“The past is never dead. It’s not even past.” (from Requiem for a Nun by William Faulkner)
Sadly, the “flag issue” is very much alive at many educational institutions, especially those with nearby Vietnamese immigrant communities. If you’re intrigued by the title and/or introduction below, follow this link to read the article. I include advice for colleagues about how to deal with this situation, should it arise.
Shalom (שלום), MAA
If a US educational institution enrolls Vietnamese students, chances are there’s a Vietnamese flag displayed somewhere, perhaps in the student center, along with the flags of the other countries represented in that school’s international student population. I’m referring to the red flag with a yellow star not the yellow one with three red stripes flag of a country that was relegated to the dung heap of history 44 years ago.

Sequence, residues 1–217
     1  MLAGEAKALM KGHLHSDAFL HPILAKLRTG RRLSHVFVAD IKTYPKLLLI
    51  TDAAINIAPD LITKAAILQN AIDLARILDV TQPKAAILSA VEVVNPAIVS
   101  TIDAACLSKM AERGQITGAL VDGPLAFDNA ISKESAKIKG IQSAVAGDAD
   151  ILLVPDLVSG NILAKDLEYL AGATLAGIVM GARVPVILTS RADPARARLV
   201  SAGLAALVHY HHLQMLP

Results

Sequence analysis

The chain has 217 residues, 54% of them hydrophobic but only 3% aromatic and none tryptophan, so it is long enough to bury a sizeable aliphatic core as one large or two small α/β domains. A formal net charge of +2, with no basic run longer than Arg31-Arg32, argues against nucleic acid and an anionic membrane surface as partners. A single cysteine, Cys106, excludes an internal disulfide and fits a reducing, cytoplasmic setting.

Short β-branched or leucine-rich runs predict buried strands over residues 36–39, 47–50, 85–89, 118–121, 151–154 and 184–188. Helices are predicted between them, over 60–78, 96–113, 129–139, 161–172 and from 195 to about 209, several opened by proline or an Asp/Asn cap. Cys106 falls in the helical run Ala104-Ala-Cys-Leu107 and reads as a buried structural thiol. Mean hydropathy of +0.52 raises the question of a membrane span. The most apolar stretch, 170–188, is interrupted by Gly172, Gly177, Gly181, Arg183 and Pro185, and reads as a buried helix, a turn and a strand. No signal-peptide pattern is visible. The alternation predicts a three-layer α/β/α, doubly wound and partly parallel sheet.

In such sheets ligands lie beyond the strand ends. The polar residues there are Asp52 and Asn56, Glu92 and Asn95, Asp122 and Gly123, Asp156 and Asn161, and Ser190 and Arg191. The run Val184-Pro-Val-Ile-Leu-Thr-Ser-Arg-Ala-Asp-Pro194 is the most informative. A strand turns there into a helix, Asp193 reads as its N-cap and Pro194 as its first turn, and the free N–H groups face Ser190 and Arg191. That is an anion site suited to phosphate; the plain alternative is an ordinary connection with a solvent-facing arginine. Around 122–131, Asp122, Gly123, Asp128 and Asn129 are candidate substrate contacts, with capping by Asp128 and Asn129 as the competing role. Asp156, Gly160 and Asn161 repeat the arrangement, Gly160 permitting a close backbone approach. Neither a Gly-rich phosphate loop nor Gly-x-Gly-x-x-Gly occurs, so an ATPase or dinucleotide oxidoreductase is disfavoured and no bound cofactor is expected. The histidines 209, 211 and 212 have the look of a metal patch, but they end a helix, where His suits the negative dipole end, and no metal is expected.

If there is an overseas Vietnamese community located nearby, it’s only a matter of time before it catches wind of this fact like flies to honey. If the administration doesn’t acquiesce, the smiles will quickly vanish from their faces and what started out as an innocuous and upbeat initial encounter could quickly metamorphose into a battle of words and emotions. For many overseas Vietnamese, the war didn’t end in April 1975 but continues, at least in thought, word and, occasionally, murderous deed.